Technical Document Addresses Bird Friendly Glass

Migratory bird populations colliding into the glass facades of tall buildings is a growing concern in the building industry. Architectural glass fabricator Viracon has published a new technical document titled Bird-Friendly Glass. Designed to divert birds away from collision with glass and contribute to sustainable building practice, Viracon says silk-screen patterns help birds distinguish glass windows from the open sky.

The risk of bird collision with glass poses design and environmental challenges for both the architect and the conservationist, according to the announcement. In 2009, it was estimated that more than 1 billion birds die annually due to collision with glass. In order to understand bird-glass collisions, Viracon has been involved with the American Bird Conservancy, Washington D.C.’s testing involving silk-screen patterns and how birds in flight responded to those various patterns. According to the company, the researchers learned that horizontal and vertical lines are most effective in decreasing the number of collisions. The results concluded that the effectiveness of all-over patterns increases as the coverage increases and that because silk-screen patterns are found inside insulating units, lower efficacy is expected in situations where the angle of view obscures the pattern. Viracon adds that on-going testing is being conducted to determine the effect of alternate silk-screen patterns, colors and low-E coatings.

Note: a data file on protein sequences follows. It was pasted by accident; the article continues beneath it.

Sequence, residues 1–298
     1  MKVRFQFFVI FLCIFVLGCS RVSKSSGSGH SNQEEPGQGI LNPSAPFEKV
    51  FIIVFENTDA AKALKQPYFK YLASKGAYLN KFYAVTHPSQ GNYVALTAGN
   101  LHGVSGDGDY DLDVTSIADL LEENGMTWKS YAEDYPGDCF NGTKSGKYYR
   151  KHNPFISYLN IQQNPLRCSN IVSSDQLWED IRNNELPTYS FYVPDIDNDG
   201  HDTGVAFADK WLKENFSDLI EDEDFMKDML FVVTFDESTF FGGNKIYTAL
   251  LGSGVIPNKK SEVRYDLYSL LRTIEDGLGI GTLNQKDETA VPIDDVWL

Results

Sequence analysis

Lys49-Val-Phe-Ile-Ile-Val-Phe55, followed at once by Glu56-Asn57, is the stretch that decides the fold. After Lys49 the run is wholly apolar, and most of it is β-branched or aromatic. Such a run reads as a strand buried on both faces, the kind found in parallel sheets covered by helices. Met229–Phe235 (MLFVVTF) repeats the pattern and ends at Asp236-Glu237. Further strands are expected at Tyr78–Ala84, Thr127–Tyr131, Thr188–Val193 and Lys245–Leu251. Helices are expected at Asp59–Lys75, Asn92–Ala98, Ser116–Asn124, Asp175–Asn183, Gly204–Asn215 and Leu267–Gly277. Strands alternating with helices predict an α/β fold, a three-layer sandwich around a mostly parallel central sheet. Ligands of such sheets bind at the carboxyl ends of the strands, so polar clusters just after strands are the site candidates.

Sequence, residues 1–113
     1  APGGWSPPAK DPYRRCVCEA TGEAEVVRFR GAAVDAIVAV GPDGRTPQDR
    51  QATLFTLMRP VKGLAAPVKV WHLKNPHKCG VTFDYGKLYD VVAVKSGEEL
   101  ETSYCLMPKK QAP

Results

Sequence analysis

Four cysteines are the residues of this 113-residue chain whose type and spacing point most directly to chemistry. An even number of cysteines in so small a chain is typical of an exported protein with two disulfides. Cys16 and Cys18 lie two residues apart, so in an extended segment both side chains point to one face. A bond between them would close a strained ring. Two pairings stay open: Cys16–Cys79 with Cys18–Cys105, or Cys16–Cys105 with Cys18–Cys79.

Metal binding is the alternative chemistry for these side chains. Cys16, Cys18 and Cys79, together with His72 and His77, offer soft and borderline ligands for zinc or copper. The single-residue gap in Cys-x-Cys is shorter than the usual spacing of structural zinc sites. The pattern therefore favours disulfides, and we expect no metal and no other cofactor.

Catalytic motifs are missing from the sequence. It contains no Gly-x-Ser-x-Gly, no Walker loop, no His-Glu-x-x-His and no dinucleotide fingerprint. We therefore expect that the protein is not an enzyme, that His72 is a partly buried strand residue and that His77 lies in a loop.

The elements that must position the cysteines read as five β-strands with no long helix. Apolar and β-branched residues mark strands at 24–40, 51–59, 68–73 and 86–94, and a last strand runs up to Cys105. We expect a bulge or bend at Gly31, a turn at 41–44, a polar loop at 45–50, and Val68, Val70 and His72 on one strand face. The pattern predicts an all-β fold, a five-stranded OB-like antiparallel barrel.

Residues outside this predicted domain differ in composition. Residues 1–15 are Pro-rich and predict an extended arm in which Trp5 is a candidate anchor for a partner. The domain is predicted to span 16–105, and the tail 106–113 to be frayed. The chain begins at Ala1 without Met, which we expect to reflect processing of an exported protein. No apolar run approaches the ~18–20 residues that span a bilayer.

The announcement also points out that in most cases, the lower stories of a building run the highest risk of collision because birds become confused by reflections of surrounding landscapes. Equally concerning are buildings with clear glass curtainwalls that suggest seemingly unobstructed passageways.


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